Consequently, most middle and working class families can barely make ends meet. Again, the problem fundamentally stems from the stagnation of wages over the past 20-30 years such that any increases in salary have not been sufficient nor commensurate with the rising cost of living expenses as noted above. And, our ability to continue to borrow to keep up may now be compromised.
We must also realize that the speed of electronic transactions, including online shopping, has ‘clouded’ our thinking and perpetuated the fiction that somehow we can afford and even buy whatever we want in an instant. That moment is now passing for many of us.
Inextricably linked to the economic evolution of a strong middle class is our cherished ideal of the “American Dream”: the promise of the opportunity to get ahead and make a better life. Regrettably, it is now almost out of reach for many. Seems that the good old American values of getting a good education, working hard, playing by the rules and being a responsible citizen may no longer be a working formula for socio-economic success. The fallout of this broken dream is sadly illustrated by the 50 percent of recent college graduates who remain unemployed and disappointed. Even many who are working are living home longer with their parents, delaying marriage or waiting to have children.
For many of the 46 million people on food stamps, it’s yet another symptom of the broader crisis of working people in this country: we don’t make enough money in our current economic times. The situation is so dire that one in four older middle age Americans are dipping into their retirement savings (401K’s, IRA’s) for much needed money.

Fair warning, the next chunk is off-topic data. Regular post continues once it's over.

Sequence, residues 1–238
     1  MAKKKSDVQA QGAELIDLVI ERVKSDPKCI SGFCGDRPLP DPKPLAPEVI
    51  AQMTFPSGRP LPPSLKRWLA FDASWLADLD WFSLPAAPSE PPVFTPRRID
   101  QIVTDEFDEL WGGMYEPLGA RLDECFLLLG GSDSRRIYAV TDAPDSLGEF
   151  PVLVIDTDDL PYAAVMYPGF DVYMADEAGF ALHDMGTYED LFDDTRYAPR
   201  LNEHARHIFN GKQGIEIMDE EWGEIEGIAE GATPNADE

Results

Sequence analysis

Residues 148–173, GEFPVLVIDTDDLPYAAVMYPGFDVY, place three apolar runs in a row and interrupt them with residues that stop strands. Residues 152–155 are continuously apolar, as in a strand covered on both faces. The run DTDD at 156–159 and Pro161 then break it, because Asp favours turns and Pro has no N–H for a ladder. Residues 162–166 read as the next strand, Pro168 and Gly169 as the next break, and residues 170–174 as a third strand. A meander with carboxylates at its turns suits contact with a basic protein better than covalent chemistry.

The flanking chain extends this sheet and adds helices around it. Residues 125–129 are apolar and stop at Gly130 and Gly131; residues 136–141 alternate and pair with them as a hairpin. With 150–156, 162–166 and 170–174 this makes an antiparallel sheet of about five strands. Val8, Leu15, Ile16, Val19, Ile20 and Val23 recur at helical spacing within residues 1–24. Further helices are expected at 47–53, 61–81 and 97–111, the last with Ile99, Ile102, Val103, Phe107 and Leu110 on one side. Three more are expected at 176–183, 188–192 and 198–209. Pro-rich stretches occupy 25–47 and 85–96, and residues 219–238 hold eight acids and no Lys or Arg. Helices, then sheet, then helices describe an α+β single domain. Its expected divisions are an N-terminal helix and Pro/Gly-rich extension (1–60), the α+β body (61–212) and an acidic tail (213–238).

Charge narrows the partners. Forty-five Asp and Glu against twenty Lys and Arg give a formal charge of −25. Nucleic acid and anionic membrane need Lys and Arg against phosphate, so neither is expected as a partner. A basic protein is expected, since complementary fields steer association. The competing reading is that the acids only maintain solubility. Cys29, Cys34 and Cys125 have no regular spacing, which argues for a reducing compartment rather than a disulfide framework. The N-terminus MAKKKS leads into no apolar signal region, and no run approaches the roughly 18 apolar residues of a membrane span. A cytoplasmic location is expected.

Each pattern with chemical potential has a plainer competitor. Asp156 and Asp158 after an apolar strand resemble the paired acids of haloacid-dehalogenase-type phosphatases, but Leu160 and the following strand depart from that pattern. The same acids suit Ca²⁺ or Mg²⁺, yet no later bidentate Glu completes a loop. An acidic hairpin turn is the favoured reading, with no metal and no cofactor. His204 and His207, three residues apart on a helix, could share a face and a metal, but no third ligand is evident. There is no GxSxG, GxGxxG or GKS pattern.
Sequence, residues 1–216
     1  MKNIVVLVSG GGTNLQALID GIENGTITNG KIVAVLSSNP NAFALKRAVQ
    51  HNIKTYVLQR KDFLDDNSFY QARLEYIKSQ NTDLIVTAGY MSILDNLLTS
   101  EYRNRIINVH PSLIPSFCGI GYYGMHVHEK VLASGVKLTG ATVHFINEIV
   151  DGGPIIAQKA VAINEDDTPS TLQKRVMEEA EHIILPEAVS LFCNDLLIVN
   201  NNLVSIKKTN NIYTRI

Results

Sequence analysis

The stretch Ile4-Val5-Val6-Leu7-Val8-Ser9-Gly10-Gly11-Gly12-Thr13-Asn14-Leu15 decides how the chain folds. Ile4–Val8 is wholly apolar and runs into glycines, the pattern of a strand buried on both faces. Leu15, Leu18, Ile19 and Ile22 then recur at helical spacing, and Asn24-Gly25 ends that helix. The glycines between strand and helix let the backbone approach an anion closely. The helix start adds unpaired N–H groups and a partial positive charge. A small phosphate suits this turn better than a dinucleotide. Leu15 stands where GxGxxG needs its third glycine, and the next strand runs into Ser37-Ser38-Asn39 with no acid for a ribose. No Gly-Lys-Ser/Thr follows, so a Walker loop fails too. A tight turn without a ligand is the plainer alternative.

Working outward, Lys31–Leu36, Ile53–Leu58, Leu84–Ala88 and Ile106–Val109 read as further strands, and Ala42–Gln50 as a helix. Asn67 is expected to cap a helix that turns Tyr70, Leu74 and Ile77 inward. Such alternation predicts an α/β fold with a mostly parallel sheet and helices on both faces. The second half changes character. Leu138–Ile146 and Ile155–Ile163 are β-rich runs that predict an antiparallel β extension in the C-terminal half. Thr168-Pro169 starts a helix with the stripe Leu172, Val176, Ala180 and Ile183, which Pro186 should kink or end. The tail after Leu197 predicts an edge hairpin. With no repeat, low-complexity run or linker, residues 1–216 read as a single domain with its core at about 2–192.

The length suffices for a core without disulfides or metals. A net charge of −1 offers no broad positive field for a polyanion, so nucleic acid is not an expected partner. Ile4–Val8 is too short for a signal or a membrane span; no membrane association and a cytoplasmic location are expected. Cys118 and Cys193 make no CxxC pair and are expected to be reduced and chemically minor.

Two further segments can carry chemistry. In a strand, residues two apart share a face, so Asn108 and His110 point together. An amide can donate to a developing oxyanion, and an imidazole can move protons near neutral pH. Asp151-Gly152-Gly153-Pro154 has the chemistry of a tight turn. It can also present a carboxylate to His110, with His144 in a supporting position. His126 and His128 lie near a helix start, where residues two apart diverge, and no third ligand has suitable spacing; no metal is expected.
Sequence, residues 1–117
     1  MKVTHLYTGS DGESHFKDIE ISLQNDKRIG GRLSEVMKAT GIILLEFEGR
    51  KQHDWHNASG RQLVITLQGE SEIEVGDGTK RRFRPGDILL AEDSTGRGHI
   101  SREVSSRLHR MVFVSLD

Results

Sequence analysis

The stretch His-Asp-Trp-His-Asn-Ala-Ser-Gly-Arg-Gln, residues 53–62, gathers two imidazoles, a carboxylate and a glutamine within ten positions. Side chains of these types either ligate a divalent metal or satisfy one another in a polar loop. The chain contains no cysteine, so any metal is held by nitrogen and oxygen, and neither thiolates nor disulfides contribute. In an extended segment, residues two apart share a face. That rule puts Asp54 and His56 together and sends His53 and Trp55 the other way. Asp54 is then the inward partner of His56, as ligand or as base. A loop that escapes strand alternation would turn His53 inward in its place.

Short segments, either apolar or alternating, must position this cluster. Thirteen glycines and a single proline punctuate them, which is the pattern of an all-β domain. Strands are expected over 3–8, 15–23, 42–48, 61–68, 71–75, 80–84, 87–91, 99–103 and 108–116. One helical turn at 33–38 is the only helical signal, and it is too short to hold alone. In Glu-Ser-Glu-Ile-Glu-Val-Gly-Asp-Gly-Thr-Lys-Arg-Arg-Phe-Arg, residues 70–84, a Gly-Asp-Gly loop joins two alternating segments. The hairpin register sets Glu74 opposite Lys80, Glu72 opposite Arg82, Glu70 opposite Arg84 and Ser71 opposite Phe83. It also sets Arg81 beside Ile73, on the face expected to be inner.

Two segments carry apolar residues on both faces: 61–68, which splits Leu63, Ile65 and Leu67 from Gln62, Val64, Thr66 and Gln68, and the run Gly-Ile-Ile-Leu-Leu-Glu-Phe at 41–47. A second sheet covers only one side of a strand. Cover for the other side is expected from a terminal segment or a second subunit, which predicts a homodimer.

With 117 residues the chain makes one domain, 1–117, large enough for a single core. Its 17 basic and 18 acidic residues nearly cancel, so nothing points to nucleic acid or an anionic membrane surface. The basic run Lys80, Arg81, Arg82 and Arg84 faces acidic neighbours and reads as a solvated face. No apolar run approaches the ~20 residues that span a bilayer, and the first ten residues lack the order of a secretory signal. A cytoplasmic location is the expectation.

Economists state that consumers are responsible for 70 percent of the US economy. Since our limited earned dollars buy less, this slows and drags on the economic recovery. With 7 ½ - 8 percent unemployment, the focus on job creation by our public officials and the business community is most urgently needed, but let’s not forget we need jobs that pay a living wage that will support a middle class way of life today.
So what do we do? Who do we turn to for help? Demonizing unions, although politically expedient, is certainly not going to fix our problem, even with corrections of some over generous benefits. One should also appreciate that unions are in many ways the last bastion of a viable economic labor structure that supports a middle class standard of living. No, something more fundamental is terribly out of kilter. It’s not the Democratic Party at fault, nor the Republican; it’s not the Liberals or the Conservatives. For the last 30 years it’s more like all our political leaders, from the Presidents, to Congress, to State and local Governments have done little to alter the downward economic trend for the middle class. Seems they missed it: I’m afraid to think they were ‘asleep at the wheel’ or maybe even ‘not in our corner.’ They have failed to alert us, or acknowledge the problem.
The best we can do now is to challenge our public officials to face the truth, and address the crisis – we need their guidance and support to move Government and Corporate America in the direction of strengthening, not weakening the middle class; to enlist the media to keep us focused and sustain our attention; and to convince Corporate America to reshape its culture to help save the middle class and the U.S. economy.
Nick Koumos is a Licensed Mental Health Professional.